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Goggins v. Huntington Ingalls Industries

United States District Court, S.D. Mississippi, Southern Division

September 24, 2018

BELINDA GOGGINS, also known as Belinda Goggins Stewart PLAINTIFF
v.
HUNTINGTON INGALLS INDUSTRIES; METROPOLITAN LIFE INSURANCE COMPANY; and A THROUGH Z DEFENDANTS

          MEMORANDUM OPINION AND ORDER GRANTING THE DEFENDANTS' MOTIONS FOR SUMMARY JUDGMENT

          LOUIS GUIROLA, JR.UNITED STATES DISTRICT JUDGE

         BEFORE THE COURT are the [11] Motion for Judgment on the Administrative Record or, Alternatively, Motion for Summary Judgment filed by the defendant Metropolitan Life Insurance Company (hereafter referred to as “Met Life”) and the [13] Motion for Summary Judgment filed by the defendant Huntington Ingalls Industries (hereafter referred to as “Ingalls”). The Court will treat Met Life's Motion as a Motion for Summary Judgment. The plaintiff, Belinda Goggins, did not respond to the Motions. After reviewing the submissions of the parties, the record in this matter, and the applicable law, the Court finds that both defendants are entitled to judgment as a matter of law.

         BACKGROUND

         Goggins filed this lawsuit against Ingalls, Met Life, and Defendants A through Z. She alleges that she was the common law wife of Michael Scott Stewart, who died on February 25, 2013, and was insured by a Met Life insurance policy issued to Ingalls employees. Goggins notes that she and Mr. Stewart resided in Alabama at the time of his death. According to the Complaint, Ingalls advised Goggins that it would notify her of any life insurance policies issued to Mr. Stewart, but it failed to notify her of a Met Life policy in the amount of $323, 000.[1] Met Life paid the proceeds of the policy to Mr. Stewart's son, Goggins claims, because Met Life was unaware that she was Mr. Stewart's spouse.[2] Goggins seeks a declaratory judgment pursuant to Miss. R. Civ. P. 57 that (1) she was Mr. Stewart's common law spouse at the time of his death, and (2) she was the rightful beneficiary of Mr. Stewart's life insurance policy. Goggins also attempts to assert negligence claims against Ingalls and Met Life. Ingalls removed the case to this Court on the basis of ERISA preemption as well as diversity jurisdiction. The defendants then filed the present Motions seeking judgment as a matter of law in their favor.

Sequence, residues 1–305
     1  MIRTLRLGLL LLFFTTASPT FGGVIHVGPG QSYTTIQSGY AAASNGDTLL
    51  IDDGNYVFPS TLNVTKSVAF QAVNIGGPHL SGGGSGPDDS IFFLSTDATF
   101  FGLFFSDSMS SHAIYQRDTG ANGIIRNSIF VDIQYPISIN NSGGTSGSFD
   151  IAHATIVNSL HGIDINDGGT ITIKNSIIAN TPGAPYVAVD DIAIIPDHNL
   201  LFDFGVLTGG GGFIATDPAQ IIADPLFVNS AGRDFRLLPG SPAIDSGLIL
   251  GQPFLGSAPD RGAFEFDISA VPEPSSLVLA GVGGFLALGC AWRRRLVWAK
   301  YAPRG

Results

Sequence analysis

DISCUSSION

         A motion for summary judgment may be filed by any party asserting that there is no genuine issue of material fact and that the movant is entitled to prevail as a matter of law on any claim. Fed.R.Civ.P. 56. The movant bears the initial burden of identifying those portions of the pleadings and discovery on file, together with any affidavits, which it believes demonstrate the absence of a genuine issue of material fact. Celotex Corp. v. Catrett, 477 U.S. 317, 325 (1986). Once the movant carries its burden, the burden shifts to the non-movant to show that summary judgment should not be granted. Id. at 324-25. The non-movant may not rest upon mere allegations or denials in its pleadings but must set forth specific facts showing the existence of a genuine issue for trial. Anderson v. Liberty Lobby, Inc., 477 U.S. 242, 256-57 (1986). A motion for summary judgment cannot be granted simply because there is no opposition, even if the failure to oppose violated a local rule. Factual controversies are resolved in favor of the non-moving party, but only when there is an actual controversy; that is, when both parties have submitted evidence of contradictory facts. Little v. Liquid Air Corp., 37 F.3d 1069, 1075 (5th Cir. 1994). Ultimately, the movant has the burden of establishing the absence of a genuine issue of material fact and, unless it has done so, the court may not grant the motion, regardless of whether any response was filed. Hibernia Nat. Bank v. Administracion Cent. Sociedad Anonima, 776 F.2d 1277, 1279 (5th Cir. 1985).